KITTERY, Maine — Two projects deemed critical to the advancement of Portsmouth Naval Shipyard’s infrastructure modernization broke ground Friday, as elected officials and Navy personnel emphasized an urgency to ready the U.S. nuclear submarine fleet.
The projects — nearing a total of $80 million — were among those for which the federal delegation rang the alarm earlier this year, when President Donald Trump announced he would be able to divert military construction funds to build a wall at the U.S.-Mexico border under his declared national emergency. But as of Friday, all four PNSY projects in question included the fiscal year 2019 military construction budget have seen contracts awarded, with processes underway.
“This means that all four of the funded military construction contracts for the Portsmouth Naval Shipyard are now under contact and ready to go,” Sen. Susan Collins, R-Maine, said during Friday’s groundbreaking ceremony for the $61.7 million Paint, Blast and Rubber Facility and $17.3 million Defense Logistics Agency Consolidated Warehouse.
“There is no more pivotal time in our nation’s history than right now, as we rebuild readiness of our forces out there against this new challenge,” said Kenneth Watson, deputy commander of DLA Land and Maritime.
The new challenge was addressed by Sen. Jeanne Shaheen — growing Chinese and Russian submarine fleets employing advanced technology.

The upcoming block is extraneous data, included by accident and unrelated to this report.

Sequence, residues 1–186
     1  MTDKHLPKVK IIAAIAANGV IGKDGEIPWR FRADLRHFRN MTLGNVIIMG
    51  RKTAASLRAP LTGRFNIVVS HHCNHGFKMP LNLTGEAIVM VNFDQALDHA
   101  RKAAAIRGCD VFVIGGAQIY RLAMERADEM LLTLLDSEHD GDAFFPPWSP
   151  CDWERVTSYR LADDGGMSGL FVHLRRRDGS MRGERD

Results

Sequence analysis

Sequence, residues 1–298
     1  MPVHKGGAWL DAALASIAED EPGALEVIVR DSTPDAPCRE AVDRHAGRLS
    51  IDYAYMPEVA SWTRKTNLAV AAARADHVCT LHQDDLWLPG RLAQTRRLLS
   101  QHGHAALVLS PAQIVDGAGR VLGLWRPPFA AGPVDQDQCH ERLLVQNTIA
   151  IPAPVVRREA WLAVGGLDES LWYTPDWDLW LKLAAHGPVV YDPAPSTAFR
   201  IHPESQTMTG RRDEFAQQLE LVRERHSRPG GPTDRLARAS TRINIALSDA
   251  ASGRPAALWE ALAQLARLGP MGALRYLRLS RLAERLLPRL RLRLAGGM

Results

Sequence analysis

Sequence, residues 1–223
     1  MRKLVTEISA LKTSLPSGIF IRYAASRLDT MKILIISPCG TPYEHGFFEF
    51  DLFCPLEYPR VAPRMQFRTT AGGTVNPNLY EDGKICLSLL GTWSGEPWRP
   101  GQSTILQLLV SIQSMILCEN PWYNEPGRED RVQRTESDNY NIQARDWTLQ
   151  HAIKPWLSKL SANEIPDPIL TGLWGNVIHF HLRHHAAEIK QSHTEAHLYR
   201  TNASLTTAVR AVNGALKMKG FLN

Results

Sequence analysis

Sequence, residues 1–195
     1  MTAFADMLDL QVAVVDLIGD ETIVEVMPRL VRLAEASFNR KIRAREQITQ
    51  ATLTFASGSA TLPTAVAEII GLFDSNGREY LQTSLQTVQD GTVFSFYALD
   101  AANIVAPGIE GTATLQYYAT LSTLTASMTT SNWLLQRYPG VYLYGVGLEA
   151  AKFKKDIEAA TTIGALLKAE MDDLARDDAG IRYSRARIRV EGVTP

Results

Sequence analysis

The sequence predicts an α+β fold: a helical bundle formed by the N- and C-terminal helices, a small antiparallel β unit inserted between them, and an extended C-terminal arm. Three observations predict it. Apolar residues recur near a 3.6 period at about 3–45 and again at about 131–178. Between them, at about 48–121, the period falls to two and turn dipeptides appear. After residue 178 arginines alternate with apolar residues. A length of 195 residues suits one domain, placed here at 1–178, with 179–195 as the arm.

“These two projects are part of a larger Navy and shipyard effort to increase workload capacity and the shipyard’s ability to overhaul and maintain more submarines,” said Shaheen, D-N.H., a member of the Senate Armed Services Committee. “It is imperative we invest in its infrastructure if we’re going to continue to support the mission of our military.”
The Navy’s 2018 Shipyard Optimization Plan, created to address deficiencies and an aging infrastructure, calls for $21 billion worth of investment in public shipyards over the next 20 years.
In 2017, the Government Accountability Office estimated it would take at least 19 years to clear the backlogs at naval shipyards — having grown by 41 percent over five years — connecting directly to the need for expanded workload capacity and expedited processes.